Boris Johnson Must Apologise For Sleaze Scandal, Says Keir Starmer

Boris Johnson must apologise to parliament for his attempt to “rip up” the standards rules that govern the activity of MPs, Keir Starmer has said.

Ahead of an emergency debate in the Commons on Monday, the Labour leader said the prime minister must promise not to hand Owen Paterson a seat in the House of Lords.

Starmer also said another MP who was found guilty of sexual harassment should be kicked out of the Conservative Party.

“Boris Johnson needs to attend this debate, answer for his mistakes, apologise to the country, and take action to undo the damage he has done,” Starmer said.

“The country is yet to hear a word of contrition over his attempts to create one rule for him and his friends and another for everyone else. He must now come to the House and say sorry.”

Paterson had been found guilty by a Westminster sleaze watchdog of an “egregious” breach of the rules by lobbying ministers on behalf of companies he worked for alongside his job as an MP. It recommended the former Tory minister be suspended from the Commons for 30 days as punishment. 

The suspension would usually have been a formality, but Downing Street told Conservative MPs to block it.

No.10 also attempted to hand oversight of enforcing parliamentary standards to a new committee with a Tory majority.

Johnson was forced to swiftly U-turn amid a backlash from opposition parties.

Tory MPs who agreed to vote as they were told, only for the government to abandon the plan less than 24-hours later, have hit out at the affair.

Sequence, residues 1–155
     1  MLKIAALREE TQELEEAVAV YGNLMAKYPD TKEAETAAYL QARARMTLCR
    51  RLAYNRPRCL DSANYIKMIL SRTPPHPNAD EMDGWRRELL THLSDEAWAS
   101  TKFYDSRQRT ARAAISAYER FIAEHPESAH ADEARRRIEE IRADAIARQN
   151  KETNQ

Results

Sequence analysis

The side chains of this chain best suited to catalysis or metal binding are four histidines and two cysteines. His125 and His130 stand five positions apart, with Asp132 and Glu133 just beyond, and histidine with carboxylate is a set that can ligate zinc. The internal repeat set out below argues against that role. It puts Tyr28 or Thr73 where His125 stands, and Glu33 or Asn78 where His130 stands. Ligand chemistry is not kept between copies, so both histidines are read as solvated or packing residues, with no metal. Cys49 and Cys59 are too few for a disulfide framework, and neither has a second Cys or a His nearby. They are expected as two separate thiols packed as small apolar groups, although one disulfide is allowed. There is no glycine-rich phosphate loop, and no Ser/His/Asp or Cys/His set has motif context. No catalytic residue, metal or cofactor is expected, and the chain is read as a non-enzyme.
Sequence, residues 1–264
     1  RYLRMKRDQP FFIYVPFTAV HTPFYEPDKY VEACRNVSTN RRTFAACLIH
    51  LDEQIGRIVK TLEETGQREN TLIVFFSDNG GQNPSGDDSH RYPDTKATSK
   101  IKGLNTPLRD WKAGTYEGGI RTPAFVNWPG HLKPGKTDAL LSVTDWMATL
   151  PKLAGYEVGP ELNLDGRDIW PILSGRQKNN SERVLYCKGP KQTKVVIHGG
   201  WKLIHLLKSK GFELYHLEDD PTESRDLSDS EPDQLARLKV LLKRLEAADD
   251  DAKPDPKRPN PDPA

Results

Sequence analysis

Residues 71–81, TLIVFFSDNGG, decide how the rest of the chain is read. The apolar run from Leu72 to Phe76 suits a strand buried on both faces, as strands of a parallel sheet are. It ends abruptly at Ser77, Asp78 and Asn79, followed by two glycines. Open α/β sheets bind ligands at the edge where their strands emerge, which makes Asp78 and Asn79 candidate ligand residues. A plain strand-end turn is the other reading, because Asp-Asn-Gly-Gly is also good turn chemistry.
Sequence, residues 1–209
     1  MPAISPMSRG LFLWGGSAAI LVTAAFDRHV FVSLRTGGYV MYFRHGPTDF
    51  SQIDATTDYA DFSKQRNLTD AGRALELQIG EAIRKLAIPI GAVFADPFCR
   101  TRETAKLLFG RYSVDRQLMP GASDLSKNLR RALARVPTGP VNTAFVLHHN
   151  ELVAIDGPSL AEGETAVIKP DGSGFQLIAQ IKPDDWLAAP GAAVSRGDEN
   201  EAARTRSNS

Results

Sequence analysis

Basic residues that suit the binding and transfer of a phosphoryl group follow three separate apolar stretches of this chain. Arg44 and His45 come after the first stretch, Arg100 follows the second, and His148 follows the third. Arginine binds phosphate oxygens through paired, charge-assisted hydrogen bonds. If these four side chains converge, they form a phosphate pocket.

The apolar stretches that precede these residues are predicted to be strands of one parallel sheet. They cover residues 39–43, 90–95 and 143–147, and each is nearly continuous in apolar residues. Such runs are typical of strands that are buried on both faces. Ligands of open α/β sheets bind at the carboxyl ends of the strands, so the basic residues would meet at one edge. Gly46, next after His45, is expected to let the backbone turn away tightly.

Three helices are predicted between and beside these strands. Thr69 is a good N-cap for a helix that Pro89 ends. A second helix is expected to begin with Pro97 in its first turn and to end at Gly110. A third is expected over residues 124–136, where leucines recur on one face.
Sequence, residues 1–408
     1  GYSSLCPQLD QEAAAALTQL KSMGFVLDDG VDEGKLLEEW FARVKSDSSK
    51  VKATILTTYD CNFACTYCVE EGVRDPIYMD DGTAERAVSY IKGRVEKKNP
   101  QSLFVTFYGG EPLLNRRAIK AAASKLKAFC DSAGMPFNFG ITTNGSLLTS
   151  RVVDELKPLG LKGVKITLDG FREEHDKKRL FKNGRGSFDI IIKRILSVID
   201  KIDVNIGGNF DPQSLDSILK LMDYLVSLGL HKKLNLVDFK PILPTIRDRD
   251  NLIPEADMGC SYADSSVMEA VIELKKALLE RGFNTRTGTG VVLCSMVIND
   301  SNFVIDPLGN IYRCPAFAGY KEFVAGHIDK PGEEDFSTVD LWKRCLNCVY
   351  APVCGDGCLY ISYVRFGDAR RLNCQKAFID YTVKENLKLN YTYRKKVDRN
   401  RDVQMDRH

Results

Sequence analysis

Robert Halfon, the senior Conservative who chairs the education committee, said he and his colleagues were fed up with being treated as “cannon fodder” by Johnson. 

“It’s like sending troops into battle without proper shoes or armour in order to fight that battle,” he told Times Radio.

Paterson decided to quit parliament rather than face being suspended in a second Commons vote. But ministers have not ruled out the veteran Tory being handed a seat in the Lords.

Starmer said Johnson should speak in the Commons debate on Monday and “start by confirming that he won’t nominate Owen Paterson – or any other MPs who have been handed suspensions from Parliament – for a peerage”.

 Among the MPs to vote against Paterson being suspended was Rob Roberts, who lost the Tory whip after he was found to have sexually harassed a member of staff. But while he now sits as an independent in the Commons, the Delyn MP remains a member of the Conservative Party.

Starmer said: “It is disgraceful that Mr Roberts has been welcomed back as both a Member of Parliament and the Conservative Party despite having been found to have sexually harassed a junior member of staff.

“That he was able to aid and abet the prime minister in his attempts to corrupt British politics last week should be a source of shame to the Tories. The prime minister was prepared to rip up the system to save one of his disgraced MPs – why will he not take action to protect others from this one?” 



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